Get special offers, recipes, health news, PLUS our FREE seafood cooking guide! I'm on Board Hide 
Got it, thanks! Click here for your FREE seafood cooking guide & recipes e-booklet.Hide 
Youtube Pintrest Facebook Twitter
Omega-3s Cut Heart Risks & Death Rates in Clinical Trial
Volunteers who took fish oil in a 3-year placebo-controlled trial were 47% less likely to die and 11% less likely to suffer an “adverse cardiovascular event” (heart attack, etc.)

05/28/2010 By Craig Weatherby
The ability of omega-3 fish oil to reduce heart attack and death rates received its first confirmation in a large, long-term European-American clinical trial called GISSI-Prevenzione.

And the U.S. university authors of a recent review confirmed that subsequent clinical evidence supports the value of omega-3 fish oil for reducing heart risks.

Importantly, they only looked at the best-designed trials: ones that were randomized and placebo-controlled.

Let's look at that evidence review, and then examine a positive new clinical trial from Norway.

Recent clinical review affirms value of omega-3s for heart health
Scientists from Philadelphia's Thomas Jefferson University analyzed 11 high-quality clinical trials that involved 39,044 participants (Marik PE, Varon J 2009).

The volunteers in these trials included recent heart attack victims, people with an implanted cardiac defibrillator, and patients with heart failure, peripheral vascular disease, and/or high cholesterol levels.

The average trial length was a mere 2.2 years… not long, considering the many years it takes to develop cardiac and other conditions.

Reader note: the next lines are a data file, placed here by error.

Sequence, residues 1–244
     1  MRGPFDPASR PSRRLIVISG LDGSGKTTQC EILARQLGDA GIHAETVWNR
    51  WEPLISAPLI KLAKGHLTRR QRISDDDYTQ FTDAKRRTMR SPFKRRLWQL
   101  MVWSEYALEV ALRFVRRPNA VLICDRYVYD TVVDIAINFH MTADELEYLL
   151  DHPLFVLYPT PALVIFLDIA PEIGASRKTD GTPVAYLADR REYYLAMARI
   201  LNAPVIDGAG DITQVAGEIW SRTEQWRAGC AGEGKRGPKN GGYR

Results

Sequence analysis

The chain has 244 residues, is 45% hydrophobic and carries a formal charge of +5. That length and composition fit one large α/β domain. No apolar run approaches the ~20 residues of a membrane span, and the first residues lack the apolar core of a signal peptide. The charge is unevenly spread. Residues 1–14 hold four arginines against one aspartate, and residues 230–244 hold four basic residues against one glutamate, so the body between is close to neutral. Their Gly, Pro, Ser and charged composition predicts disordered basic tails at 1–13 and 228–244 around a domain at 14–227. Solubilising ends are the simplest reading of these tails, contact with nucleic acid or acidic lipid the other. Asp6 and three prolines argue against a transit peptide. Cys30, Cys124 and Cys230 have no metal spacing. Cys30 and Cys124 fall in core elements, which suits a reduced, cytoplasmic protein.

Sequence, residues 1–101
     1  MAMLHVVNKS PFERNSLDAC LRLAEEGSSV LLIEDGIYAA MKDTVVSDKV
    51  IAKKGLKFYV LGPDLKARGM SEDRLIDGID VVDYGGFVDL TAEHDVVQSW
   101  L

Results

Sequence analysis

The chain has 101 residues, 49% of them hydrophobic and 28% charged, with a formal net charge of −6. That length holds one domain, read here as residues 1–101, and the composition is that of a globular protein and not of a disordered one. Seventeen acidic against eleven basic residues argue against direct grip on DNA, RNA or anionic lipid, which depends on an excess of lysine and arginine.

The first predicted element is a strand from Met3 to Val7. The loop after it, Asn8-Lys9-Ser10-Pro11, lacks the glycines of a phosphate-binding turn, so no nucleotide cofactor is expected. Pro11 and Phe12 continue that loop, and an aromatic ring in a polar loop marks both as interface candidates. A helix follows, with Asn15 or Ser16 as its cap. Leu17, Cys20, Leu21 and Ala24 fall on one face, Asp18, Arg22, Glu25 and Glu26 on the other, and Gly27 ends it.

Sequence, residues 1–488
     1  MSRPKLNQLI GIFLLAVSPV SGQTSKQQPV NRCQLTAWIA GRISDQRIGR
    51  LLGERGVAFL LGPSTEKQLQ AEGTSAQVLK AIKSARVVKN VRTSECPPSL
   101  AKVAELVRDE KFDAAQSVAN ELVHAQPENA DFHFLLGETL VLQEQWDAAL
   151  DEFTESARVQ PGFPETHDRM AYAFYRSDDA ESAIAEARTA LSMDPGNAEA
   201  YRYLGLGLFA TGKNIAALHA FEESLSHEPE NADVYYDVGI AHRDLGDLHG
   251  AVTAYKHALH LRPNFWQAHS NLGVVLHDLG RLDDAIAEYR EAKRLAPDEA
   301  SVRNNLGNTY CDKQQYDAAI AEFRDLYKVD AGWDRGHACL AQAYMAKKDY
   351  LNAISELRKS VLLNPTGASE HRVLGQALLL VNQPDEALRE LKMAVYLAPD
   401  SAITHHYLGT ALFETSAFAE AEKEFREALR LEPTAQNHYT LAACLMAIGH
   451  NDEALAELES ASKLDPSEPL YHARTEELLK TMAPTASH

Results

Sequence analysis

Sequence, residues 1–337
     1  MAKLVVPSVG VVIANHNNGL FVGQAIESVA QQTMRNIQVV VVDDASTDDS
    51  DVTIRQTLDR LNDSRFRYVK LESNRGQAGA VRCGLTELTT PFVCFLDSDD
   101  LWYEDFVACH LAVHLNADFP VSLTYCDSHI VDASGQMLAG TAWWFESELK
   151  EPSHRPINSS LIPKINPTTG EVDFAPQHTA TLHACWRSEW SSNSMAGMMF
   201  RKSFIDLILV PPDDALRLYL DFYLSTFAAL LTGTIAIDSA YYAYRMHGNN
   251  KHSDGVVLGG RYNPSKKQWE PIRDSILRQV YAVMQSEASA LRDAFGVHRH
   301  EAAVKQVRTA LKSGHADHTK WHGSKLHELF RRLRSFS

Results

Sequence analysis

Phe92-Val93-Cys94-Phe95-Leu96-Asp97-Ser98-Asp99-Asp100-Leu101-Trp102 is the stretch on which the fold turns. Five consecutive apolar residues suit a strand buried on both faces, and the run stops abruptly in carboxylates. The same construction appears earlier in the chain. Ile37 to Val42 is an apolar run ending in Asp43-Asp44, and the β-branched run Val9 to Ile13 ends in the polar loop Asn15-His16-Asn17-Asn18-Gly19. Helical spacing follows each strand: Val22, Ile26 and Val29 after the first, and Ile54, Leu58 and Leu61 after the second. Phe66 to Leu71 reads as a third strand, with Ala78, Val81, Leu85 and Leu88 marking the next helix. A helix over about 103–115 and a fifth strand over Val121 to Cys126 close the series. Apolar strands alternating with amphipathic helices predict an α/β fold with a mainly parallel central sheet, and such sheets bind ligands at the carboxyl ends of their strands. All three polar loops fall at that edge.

Their analysis of these 11 trials showed that omega-3 supplements reduced the risk of cardiovascular deaths and sudden cardiac death by 13 percent each and cut both the risk of death from any cause and non-fatal cardiovascular events by eight percent.

Now, those benefits have once again been affirmed in a three-year, placebo-controlled trial in Norwegian men.

Norwegian trial adds to positive clinical evidence
A team of researchers from two university-affiliated hospitals in Norway followed 563 Norwegian men aged 64 to 76 years for three years (Einvik G et al. 2010). 

About one-quarter of the participants (28 percent) had some signs of cardiovascular disease at the outset.

During the trial period, the test group was assigned to diet counseling and took 2.4 grams of omega-3 fish oil per day.

The "control” group received diet counseling along with capsules containing a placebo (2.4 grams of omega-6 corn oil) per day.

After adjusting the results for various risk factors – age, smoking status, blood pressure, body mass index and blood glucose levels – men taking omega-3 fish oil supplements were 47 percent less likely to die from any cause and 11 percent less likely to suffer "adverse cardiovascular events” such as heart attacks and stroke.  

The next time you see an article claiming that omega-3s don't really aid heart health, remember that high-quality clinical trials and rigorous evidence reviews say otherwise.

This solid base of evidence explains why the American Heart Association and all major public health authorities recommend fish and fish oil.

  • Einvik G, Klemsdal TO, Sandvik L, Hjerkinn EM. A randomized clinical trial on n-3 polyunsaturated fatty acids supplementation and all-cause mortality in elderly men at high cardiovascular risk. Eur J Cardiovasc Prev Rehabil. 2010 Apr 10. [Epub ahead of print]
  • Marik PE, Varon J. Omega-3 dietary supplements and the risk of cardiovascular events: a systematic review. Clin Cardiol. 2009 Jul;32(7):365-72. Review.